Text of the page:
Coming to the NBA for the first time at the age of 35, the Argentinian vet cut his teeth playing in the Spanish Liga ACB and running the offense for his national team. Prigioni turned down all prior NBA overtures, but, to him, the Knicks were different. "I can help the team," he explained to ESPNNewYork.com after signing. "They demonstrated that trust in me."

    Prigioni already knew Felton and Kidd would be in New York when he made his decision, but it doesn't sound like the Knicks are expecting much production out of their aged rookie. It will be an uphill climb for Prigioni to get playing time, but he has not done much to help his cause so far.

Winner: Carmelo Anthony

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    Some fans might not consider Carmelo Anthony a training camp winner until je shows he can play alongside Amar'e Stoudemire. Actions speak louder than words, after all, but Melo's talk certainly has been reassuring.

    In an interview with ESPN New York's Dave Rothenberg, Anthony emphasized that winning is his only goal this season, even if it comes at the expense of his scoring.

    "(On) a night to night basis I want (the offense) be more well-rounded," Anthony told Rothenberg. "I just want to win basketball games. If I score 10,11 points and we win basketball games, that's my mindset right now."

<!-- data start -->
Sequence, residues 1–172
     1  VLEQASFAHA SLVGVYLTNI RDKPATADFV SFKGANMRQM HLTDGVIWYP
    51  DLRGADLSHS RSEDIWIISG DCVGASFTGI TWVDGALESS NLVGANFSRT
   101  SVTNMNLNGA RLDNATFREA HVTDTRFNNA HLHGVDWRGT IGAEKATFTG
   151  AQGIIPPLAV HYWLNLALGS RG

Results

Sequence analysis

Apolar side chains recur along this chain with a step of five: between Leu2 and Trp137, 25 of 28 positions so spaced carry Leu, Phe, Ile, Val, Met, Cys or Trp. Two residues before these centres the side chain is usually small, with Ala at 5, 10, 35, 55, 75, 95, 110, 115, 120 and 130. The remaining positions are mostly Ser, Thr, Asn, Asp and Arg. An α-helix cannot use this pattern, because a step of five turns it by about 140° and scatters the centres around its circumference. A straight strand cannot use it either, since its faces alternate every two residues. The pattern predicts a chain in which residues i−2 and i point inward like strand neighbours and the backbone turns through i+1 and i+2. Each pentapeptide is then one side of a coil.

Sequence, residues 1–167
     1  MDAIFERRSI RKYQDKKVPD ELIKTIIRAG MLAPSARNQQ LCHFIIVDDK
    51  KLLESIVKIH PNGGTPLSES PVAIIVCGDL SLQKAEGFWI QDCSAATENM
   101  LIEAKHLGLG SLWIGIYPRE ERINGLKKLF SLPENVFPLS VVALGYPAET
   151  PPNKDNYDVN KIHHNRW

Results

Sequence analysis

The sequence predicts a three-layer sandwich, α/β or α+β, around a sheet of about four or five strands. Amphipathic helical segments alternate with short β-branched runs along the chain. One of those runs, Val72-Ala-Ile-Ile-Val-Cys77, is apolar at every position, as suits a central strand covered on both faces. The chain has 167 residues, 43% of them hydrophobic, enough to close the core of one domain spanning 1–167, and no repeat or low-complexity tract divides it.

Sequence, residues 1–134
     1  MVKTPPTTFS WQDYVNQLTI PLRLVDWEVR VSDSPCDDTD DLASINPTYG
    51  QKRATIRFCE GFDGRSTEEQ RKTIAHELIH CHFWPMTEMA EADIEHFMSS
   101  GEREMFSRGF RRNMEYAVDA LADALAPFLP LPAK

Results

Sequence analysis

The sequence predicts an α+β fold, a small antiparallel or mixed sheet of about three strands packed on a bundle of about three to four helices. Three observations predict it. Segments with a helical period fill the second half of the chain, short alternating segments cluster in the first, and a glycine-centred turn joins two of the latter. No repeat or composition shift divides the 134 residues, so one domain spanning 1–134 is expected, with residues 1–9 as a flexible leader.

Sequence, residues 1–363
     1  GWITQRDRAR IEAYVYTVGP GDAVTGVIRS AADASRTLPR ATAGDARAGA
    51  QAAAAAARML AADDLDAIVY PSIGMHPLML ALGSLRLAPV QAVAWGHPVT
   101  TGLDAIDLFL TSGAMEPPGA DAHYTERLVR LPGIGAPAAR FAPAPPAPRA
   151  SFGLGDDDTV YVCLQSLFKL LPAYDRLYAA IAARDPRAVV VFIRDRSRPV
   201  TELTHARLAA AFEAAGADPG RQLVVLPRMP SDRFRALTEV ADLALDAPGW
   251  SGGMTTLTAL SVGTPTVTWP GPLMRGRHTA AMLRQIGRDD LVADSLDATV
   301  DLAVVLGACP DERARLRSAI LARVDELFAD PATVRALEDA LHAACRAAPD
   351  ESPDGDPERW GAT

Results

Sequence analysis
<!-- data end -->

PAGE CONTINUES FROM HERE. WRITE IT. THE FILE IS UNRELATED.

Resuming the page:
For a guy with a reputation of only caring about scoring, this is a stunning turn of events. If Melo did only score a fraction of his per game average, the Knicks would only win if he moved the ball, crashed the boards, and locked down on defense. That's just what he has to do for New York to have a legitimate shot at a championship.

    Even if Melo can't bring himself to cut down his scoring that drastically, his message is still good for the locker room. It's a surprisingly strong bit of leadership and a powerful message from Anthony. If the Knicks truly forget about the stats and play to win, it will be tough to stop this team.

Loser: The Knicks' Depth

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    Of course, the Knicks need to stay healthy if they want to go anywhere in the postseason.

    The injury bug has already bitten the Knicks this fall.